Million Dollar Journey

Building Wealth through Saving and Investing

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Net Worth Update December 2012 (+1.75%) – Year End Summary and Giveaway Winners





Welcome to the Million Dollar Journey December 2012 Net Worth Update – The Year End Summary. For those of you new to Million Dollar Journey, a monthly net worth update is typically posted near the end of the month (or beginning of the next) to track the progress of my journey to one million in net worth, hopefully by the time I’m 35 years old (end of 2014).  If you would like to follow my journey, you can get my updates sent directly to your email or you can sign up for the Money Tips Newsletter..

Before I start on the update, I’d like to tie up some loose ends with regards to the 6 year anniversary giveaway.  As promised, the first 20 eligible comments will automatically receive a e-copy of A Beginners Guide to Saving and Investing, with another 30 copies given away randomly.  I will be emailing the winners within the next couple of days.

In addition to the books, I committed to donating $1 for every incremental facebook “like” to Make a Wish foundation which resulted in a $100 donation made yesterday. Finally, what you’ve all been waiting for, the winners of the grand prize ($500 value) where 6 lucky readers will receive a subscription to the highest rated investment newsletters in Canada – The Successful Investor (among others).  Big congratulations to the following winners:

  1. @My Own Advisor
  2. Jason S
  3. Erik
  4. Melissa
  5. karen (comment 181)
  6. Goldberg

Now that we have that business out of the way, lets move onto the final net worth update for the year.  There’s no better way to start than to talk a little bit about the market.  It appears that the Canadian and US markets are diverging a little bit with the TSX taking charge.   The TSX gained 1.07% (via XIU.TO) for the month with the SP500 losing about 1.02% (via XSP.TO), both including dividends.  For 2012, the TSX returned about 5.4% and the SP500 about 12% (both including dividends) which is  a relatively strong year overall.

Despite the negative month for the SP500, my RRSP, which has large US exposure is fortunately still up for the month.  The biggest surprise was with my leveraged dividend portfolio.  The Canadian dividend stocks within that portfolio returned a little over 3% beating the TSX by over 2% for the month.  I made a couple of purchases this month, but I believe that the gains are due to one of my larger positions making 52 week highs.  Overall, the dividend portfolio grew about 11.5% in 2012 which handily beat the TSX (including dividends).

If you take a look at the numbers below, our overall net worth for 2012 grew by about 18% ending the year with about $690k.  With positive market action this year, a portion of these gains came with portfolio growth, however, most of the gain is due to increased income which has lead to increased savings.  As mentioned in previous updates, I funnel extra cash flow into my non-registered account which is reflected below.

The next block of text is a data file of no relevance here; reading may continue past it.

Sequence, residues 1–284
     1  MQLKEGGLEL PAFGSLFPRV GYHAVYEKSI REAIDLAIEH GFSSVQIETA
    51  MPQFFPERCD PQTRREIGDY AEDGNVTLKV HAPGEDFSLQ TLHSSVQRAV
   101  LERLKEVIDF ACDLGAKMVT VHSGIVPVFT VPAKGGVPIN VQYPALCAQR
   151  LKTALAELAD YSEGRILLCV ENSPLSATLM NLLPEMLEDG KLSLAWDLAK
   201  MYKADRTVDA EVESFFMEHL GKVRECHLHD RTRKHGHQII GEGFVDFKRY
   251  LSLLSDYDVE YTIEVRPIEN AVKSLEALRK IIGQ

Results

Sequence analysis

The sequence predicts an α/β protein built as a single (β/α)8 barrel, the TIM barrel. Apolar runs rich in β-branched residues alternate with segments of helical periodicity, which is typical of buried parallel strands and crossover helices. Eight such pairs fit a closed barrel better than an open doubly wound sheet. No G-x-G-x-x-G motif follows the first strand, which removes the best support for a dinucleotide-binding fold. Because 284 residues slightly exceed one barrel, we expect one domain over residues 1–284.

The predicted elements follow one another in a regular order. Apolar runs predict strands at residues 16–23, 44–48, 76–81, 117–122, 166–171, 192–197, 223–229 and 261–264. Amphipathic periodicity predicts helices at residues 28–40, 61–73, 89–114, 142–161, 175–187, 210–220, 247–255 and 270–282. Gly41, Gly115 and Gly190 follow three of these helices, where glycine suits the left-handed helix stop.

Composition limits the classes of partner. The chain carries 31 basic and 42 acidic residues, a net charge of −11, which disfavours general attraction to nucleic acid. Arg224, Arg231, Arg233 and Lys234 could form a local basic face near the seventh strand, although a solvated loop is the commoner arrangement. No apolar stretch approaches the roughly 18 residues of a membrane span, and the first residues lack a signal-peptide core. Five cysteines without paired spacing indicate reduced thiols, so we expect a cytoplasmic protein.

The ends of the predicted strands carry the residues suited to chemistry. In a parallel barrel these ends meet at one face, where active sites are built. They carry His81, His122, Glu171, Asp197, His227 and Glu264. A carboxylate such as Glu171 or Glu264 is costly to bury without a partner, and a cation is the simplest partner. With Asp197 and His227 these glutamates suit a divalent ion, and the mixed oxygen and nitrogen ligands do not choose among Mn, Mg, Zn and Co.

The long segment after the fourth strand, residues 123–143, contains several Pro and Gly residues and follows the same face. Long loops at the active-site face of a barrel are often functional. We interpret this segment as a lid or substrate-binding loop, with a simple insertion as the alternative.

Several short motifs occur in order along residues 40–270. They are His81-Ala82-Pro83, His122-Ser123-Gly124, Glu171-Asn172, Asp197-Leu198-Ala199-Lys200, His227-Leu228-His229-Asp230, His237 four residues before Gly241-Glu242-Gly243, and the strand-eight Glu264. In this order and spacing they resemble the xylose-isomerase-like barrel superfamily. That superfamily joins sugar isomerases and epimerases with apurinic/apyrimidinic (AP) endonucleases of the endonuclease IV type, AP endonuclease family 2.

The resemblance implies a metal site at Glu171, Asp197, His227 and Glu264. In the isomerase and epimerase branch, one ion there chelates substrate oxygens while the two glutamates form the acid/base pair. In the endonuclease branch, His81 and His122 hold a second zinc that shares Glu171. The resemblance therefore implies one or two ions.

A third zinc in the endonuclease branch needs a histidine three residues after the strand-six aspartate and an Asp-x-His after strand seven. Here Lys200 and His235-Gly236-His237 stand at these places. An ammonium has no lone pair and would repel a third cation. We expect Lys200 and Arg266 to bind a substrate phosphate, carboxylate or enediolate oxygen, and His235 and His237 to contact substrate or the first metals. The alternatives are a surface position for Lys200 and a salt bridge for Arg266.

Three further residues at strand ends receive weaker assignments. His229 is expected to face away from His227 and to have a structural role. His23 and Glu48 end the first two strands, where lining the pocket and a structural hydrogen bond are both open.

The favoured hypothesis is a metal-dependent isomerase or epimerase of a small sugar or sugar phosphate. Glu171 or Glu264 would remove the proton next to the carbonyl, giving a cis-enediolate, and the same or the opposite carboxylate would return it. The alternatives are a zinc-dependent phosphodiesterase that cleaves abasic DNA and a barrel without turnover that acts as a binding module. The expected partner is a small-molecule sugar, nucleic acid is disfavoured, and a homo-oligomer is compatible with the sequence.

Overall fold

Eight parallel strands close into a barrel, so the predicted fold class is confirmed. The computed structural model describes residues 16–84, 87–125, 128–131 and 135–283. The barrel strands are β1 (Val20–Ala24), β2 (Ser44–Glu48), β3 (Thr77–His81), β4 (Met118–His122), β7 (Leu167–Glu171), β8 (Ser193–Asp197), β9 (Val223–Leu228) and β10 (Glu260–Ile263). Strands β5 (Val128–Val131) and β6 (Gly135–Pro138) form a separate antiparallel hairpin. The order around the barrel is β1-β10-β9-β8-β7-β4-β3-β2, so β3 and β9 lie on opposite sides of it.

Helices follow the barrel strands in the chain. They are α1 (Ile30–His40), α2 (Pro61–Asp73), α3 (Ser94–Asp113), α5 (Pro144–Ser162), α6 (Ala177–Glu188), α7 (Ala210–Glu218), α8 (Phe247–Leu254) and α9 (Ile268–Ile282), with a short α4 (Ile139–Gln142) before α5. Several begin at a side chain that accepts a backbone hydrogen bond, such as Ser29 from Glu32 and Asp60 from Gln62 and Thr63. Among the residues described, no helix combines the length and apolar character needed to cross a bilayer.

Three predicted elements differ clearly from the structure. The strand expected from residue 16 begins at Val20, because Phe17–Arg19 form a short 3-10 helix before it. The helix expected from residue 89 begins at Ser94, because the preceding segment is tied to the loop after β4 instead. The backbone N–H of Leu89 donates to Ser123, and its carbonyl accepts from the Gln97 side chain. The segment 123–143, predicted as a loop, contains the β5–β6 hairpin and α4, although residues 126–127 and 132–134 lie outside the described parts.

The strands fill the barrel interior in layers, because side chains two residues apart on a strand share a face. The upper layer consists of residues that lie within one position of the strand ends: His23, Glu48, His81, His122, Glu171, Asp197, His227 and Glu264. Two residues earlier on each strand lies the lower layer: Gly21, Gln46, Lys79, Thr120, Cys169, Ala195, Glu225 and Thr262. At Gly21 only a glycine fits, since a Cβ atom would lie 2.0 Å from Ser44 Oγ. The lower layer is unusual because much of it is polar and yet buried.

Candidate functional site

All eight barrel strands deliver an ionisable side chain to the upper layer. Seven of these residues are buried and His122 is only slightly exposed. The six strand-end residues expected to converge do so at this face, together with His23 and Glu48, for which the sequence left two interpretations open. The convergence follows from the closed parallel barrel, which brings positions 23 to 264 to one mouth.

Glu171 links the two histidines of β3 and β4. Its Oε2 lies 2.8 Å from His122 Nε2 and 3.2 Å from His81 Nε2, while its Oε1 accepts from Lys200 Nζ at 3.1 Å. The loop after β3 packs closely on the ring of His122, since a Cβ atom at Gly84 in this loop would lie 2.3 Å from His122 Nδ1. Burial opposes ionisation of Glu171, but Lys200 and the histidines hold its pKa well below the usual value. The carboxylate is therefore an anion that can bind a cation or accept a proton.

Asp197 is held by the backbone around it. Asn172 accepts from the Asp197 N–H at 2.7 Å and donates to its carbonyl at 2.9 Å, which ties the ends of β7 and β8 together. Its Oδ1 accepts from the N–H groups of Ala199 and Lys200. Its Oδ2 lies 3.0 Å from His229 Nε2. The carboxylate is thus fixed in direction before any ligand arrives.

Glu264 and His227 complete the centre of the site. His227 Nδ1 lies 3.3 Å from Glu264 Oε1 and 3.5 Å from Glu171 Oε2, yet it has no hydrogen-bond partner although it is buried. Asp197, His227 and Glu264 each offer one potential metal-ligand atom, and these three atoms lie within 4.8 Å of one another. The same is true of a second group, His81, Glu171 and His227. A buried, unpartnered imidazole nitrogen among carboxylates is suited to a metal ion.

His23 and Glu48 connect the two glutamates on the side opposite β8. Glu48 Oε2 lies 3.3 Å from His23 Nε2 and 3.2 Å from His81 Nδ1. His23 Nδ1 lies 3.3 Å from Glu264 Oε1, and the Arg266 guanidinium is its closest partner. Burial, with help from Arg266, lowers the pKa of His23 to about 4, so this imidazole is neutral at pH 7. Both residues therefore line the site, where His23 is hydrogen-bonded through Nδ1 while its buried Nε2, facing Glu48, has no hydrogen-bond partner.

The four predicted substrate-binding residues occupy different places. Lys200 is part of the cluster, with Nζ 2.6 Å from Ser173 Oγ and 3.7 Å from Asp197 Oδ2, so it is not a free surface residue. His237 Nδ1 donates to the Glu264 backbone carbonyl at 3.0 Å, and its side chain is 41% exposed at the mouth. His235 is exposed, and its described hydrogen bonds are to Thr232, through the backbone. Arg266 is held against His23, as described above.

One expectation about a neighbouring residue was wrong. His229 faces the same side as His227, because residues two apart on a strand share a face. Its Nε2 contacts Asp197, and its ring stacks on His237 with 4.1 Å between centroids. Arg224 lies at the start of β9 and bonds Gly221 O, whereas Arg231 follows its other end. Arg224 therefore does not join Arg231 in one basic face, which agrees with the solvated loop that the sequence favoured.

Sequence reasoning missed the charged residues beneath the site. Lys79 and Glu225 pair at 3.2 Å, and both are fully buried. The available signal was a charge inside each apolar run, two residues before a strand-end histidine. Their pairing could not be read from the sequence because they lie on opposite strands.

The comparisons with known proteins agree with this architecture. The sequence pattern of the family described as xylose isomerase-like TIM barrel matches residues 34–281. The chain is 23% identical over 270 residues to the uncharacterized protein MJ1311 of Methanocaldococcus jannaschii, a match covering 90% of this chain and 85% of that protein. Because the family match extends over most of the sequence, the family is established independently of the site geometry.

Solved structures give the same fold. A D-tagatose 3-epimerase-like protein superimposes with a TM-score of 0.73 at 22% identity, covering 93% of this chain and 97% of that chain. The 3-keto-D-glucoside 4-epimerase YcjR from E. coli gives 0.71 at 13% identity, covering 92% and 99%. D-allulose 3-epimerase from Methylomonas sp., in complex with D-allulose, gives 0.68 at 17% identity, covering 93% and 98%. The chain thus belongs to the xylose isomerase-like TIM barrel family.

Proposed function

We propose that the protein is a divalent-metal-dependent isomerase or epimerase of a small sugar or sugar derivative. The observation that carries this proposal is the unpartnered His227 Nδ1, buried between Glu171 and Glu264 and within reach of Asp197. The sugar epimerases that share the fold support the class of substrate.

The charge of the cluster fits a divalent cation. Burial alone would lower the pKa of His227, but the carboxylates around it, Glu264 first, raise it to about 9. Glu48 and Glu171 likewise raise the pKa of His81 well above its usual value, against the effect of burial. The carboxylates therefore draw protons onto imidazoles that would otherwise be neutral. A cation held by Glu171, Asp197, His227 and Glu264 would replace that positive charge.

Going back to December 2011′s net worth update, I wrote:

This year was also exceptionally busy!  With my full time work picking up, having our second child, working on new web projects while running Million Dollar Journey and Canadian Money Forum, I was stretched pretty thin this year.  Oftentimes writing articles during the week until after midnight (like this post).  I’m hoping that 2012 brings some sanity back to my schedule.

While 2011 was busy, 2012 was likely just as busy or busier.  While still running and growing my sites, the consulting side of the business  really picked up this year, which has driven higher income.  We maintain a relatively low key lifestyle (we may occasionally splurge on some travel), while carrying no bad debt, so incremental income is likely saved or invested (how we save money).

With the goal to reach $1 million in net worth by the age of 35 means I have until the end of 2014 (about 2 years).  With $690k on the books is it possible to gain over $300k in 24 months?  At this point, I’ll need a little over 20% in net worth gains in each of the next two years – the pressure is on!  While it is possible, I would need to be extremely aggressive and likely work even more than I do now (not ideal).  In the New Year, there will likely be some additions to the net worth update as we have assets that are not yet accounted for which should help take some of the pressure off.  Stayed tuned for the January 2013 update to find out more.

For those of you who track your net worth how did you do in 2012?

On a finishing note – Here’s to a Happy, Healthy and Prosperous New Year!

On to the numbers:

Assets: $784,800 (+1.58%)

  • Cash: $4,500 (+0.00%)
  • Savings: $20,000 (+0.00%)
  • Registered/Retirement Investment Accounts (RRSP): $134,000(+1.36%)
  • Tax Free Savings Accounts (TFSA):  $40,800 (-0.24%)
  • Defined Benefit Pension: $41,000 (+0.74%)
  • Non-Registered Investment Accounts: $136,000 (+5.43%)
  • Smith Manoeuvre Investment Account: $108,000 (+3.05%)
  • Principal Residence: $300,500 (+0.00%) (purchase price adjusted for inflation annually)

Liabilities$94,100 (+0.21%)

Total Net Worth: ~$690,400 (+1.75%)

  • Started 2012 with Net Worth: $585,228
  • Year to Date Gain/Loss: +17.97%

In my last update, readers suggested to chart my net worth progress over time.  Below are the net worth values since Dec 2006 with data points taken semi annually.

Some quick notes and explanations to net worth questions I get often:

The Cash

The $4,500 cash are held in chequing accounts to meet the minimum balance so that we pay no fees (accounting for regular bill payments – ie. our credit card bill). Yes, we do hold no fee accounts also, but I find value in having an account with a full service bank as the relationship with a banker has proven useful.

Savings

Our savings accounts are held with PC Financial and ING Direct. We usually hold a fair bit of cash in case “something” comes up. The “something” can be anything that requires cash such as an investment opportunity that requires quick cash or maybe an emergency car/home repair.  We also need cash to cover any future tax liabilities.